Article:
"Crystal Eaters is full of sentences that jump at you like a pop-up book, painting a world that is at some times painfully real, and at others an exercise in vivid hallucinations. Jones is pushing genres here, not unlike George Saunders or Karen Russell, but using a harsher lens. Crystal Eaters grabs your face and pushes it up against a fantastic, sprawling, impressionistic painting of death and family."
The Rumpus

"In Jones' world, a range of colors lives inside each person—in fact, that very rainbow gives the body its power, its life. And although death will one day drain those colors from each person, Crystal Eaters reminds us that life itself is a luminous thing."
HTML Giant

"A powerful narrative that touches on the value of every human life, with a lyrical voice and layers of imagery and epiphany."

"A mythical and hallucinatory experience of a family fighting mortality."
Publishers Weekly

"Crystal Eaters is splattered with Technicolor crystal vomit and eye goo, with bodies leaking red, yellow, and blue; the sun wants to swallow the earth; and the indestructible city encroaches on the country like kudzu. This crystal mining country is Jones’s own Yoknapatawpha County, a town with its own peculiar inhabitants and notions and schemes (such as a prison break in reverse). These fantastical trappings give way to deeper questions—about death, the nature of life, of what it takes to be remembered after you die."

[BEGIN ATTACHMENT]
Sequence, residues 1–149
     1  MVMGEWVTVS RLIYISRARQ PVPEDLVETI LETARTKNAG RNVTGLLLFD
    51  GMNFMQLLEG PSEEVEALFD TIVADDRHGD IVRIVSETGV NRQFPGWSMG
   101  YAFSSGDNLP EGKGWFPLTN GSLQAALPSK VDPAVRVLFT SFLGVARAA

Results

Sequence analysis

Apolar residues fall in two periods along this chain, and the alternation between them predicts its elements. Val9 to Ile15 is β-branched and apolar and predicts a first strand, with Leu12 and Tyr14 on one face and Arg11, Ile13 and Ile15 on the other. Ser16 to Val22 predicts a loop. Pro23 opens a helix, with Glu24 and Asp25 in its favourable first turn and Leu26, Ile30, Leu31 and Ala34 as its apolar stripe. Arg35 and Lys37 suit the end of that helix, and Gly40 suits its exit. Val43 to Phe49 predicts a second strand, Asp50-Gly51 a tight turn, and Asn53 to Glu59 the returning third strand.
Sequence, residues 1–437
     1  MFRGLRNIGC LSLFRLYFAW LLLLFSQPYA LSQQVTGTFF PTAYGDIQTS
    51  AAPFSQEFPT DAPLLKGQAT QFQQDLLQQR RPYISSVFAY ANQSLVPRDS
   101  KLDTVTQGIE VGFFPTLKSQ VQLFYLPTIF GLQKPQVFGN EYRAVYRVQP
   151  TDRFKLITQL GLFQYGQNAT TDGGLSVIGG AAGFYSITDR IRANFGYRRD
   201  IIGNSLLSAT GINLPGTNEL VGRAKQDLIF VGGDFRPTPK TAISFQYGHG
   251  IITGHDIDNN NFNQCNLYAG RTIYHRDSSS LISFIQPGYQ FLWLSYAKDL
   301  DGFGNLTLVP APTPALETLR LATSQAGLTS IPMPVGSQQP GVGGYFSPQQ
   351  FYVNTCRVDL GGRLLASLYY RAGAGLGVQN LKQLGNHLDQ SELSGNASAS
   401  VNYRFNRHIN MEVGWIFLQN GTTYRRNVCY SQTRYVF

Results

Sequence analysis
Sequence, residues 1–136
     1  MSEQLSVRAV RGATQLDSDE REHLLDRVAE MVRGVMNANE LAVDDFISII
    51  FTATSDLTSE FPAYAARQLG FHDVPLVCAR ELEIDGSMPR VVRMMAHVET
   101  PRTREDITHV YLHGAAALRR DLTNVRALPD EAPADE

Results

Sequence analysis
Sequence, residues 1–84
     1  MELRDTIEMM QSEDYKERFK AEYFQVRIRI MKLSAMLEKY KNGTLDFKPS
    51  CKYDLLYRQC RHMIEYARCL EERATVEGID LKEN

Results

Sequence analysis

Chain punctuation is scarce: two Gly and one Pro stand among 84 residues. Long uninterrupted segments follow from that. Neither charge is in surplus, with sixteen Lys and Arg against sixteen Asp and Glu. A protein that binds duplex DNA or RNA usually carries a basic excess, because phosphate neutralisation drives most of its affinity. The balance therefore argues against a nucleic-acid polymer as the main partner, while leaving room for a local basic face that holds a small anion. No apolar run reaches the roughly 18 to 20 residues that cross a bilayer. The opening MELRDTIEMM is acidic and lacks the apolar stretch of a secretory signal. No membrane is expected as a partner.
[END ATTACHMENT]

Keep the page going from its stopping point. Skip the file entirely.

The Millions

"So utterly gorgeous and weird and human and devastating."
Corduroy Books

"Jones goes a million miles an hour into this invented place, and the result is a stunning capture, a perfectly resonant picture of our impermanence."

"Shane Jones creates a world where the rapid encroachment of the city, oppressive heat, and toil mean that people turn to belief in numbers. And crystals. They turn to the belief that if they can quantify life, they might be able to harness and extend it. That the city sits in opposition to the village way of life raises questions about how our limited worldview might affect our understanding of life. Ultimately, it's Adam's belief that seems to make the most sense. 'He said that the true way to extend one's count was to have others remember you.' "

"Crystal Eaters touches upon addiction, estrangement, innocence, apocalypse, and a monolithic city that dominates the horizon and threatens to overtake Remy’s crystalline world. Though at its center is a tale about a family. Remy’s family, full of love and sorrow over their mother’s inevitable passing, crystals dripping from her one by one."
Coal Hill Review

"The more I think about it, the more I'm convinced that Shane Jones is probably way smarter than me and you should buy this book."

"A grounded epiphany of the highest order, revealing the stark and majestic grace that is present within the loss each living thing must endure. Page after page, Jones's exquisitely styled prose drugs the ear like otherworldly music—this pyretic, hallucinatory novel stings with beauty at every turn."
—Alissa Nutting


Shane Jones Two Dollar Radio author Crystal Eaters

Shane Jones' first novel, Light Boxes, was originally published by Publishing Genius Press in a print run of 500 copies in 2009. The novel was reviewed widely, the film optioned by Spike Jonze, and the book was reprinted by Penguin. Light Boxes has been translated in eight languages and was named an NPR best book of the year. Jones is also the author of Daniel Fights a Hurricane and The Failure Six.